Facebook recently unveiled “proactive” scrutiny measures and administrator tools for its closed-community private groups.
It’s about time, according to many digital industry think tanks that have long considered the laissez-faire-style privacy afforded to Facebook’s private groups a facilitating factor in the spread of online hate, extremism, conspiracy theories and misinformation.
To be clear, content posted within private groups is supposed to be just that: private. Unlike public groups, which are open to all and do not require permission to join, private group content is effectively hidden behind a digital wall and is excluded from search results. A private group cannot be found or joined, by all and sundry. To join, Facebook users need some level of approval, membership status or even a recommendation by an existing group member. It’s for good reason. Facebook created its private groups to allow users with a special but common interests – from victims of a rare disease to suffers of bullying at school – to discuss their common issues and share support and advice in private within a closed and protected environment, away from the scrutiny of social trolls, and the unhelpful or unsupportive posts of those with adverse political or personal opinions.
This is all well and good, in theory. But those currently scrutinising Facebook’s role in the online spread of hate, extremism, conspiracy theories and disinformation point out that much of this activity occurs within the realms of the private community setting.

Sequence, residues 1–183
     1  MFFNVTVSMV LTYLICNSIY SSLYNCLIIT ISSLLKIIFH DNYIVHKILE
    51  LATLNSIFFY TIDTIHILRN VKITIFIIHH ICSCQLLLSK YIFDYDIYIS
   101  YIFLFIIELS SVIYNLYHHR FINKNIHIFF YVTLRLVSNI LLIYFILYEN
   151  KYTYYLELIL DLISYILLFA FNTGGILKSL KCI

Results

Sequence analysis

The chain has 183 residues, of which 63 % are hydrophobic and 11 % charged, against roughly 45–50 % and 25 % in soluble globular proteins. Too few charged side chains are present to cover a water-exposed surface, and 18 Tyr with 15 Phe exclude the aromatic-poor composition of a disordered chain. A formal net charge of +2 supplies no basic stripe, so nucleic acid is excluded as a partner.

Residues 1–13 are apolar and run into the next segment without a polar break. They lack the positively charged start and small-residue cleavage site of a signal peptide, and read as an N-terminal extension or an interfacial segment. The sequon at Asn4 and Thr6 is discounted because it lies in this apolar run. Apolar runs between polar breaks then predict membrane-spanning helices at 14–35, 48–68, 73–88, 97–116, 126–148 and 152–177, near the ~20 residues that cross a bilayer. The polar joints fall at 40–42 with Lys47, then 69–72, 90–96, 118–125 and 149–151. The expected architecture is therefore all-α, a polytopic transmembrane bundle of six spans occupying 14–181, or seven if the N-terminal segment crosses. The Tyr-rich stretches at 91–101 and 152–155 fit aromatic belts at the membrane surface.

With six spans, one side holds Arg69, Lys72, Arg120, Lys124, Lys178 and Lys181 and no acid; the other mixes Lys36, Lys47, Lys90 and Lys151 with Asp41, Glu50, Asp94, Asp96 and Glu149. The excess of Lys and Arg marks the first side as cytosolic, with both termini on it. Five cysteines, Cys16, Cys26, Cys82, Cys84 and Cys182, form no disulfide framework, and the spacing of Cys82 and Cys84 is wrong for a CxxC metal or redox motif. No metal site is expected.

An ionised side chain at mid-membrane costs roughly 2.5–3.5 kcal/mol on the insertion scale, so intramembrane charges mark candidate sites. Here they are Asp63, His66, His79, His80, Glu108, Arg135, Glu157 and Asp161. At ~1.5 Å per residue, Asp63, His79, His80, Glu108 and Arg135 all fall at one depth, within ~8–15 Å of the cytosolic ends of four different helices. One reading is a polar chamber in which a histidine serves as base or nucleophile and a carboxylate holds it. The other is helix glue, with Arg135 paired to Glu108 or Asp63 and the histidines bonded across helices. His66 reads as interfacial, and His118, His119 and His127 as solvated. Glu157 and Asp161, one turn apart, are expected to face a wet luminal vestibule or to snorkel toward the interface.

All this has led Facebook to upgrade its scrutiny measures for private community groups. Facebook’s vice-president of engineering Tom Alison posted a Facebook blog outlined the company’s new Safe Communities Initiative – essentially a mix of AI, machine learning and human checkers reviewing and deleting content deemed harmful.
Private group administrators will get new tools to help keep community content in line with Facebook’s rules – but administrators themselves will also come under scrutiny here too. Earlier this year, Facebook updated its policy to pay more attention to administrator and moderator behaviour. Admins who repeatedly break the rules, or invite members with a track record of repeated rule-breaking, may be required to view posts before they are published on the private group, according to Alison. Repeated offences could result in a group being taken down.
The question now is how administrators, and the members of the private groups they administrate, will react to these new levels of scrutiny. Some critics of the new Safe Communities Initiative say such measures can only serve as a disincentive for genuine online community support. Others ask: how “private” can a private group be if it is subject to ongoing monitoring? Some observers say Facebook’s actions will only push those who have used the platform for spreading hate and disinformation on to other platforms – or worse, underground, making them less easy to detect and therefore potentially more dangerous. Other Facebook users worry that groups may be unfairly judged, or even removed, thanks to AI errors or even a human individual’s error of judgement.
Which goes to the heart of Facebook’s challenge today. Can the social network assert itself as a platform for cutting-edge private community debate, checked by Big Brother?
Which leads to another question: who’s checking the social and ethical mores of Big Brother?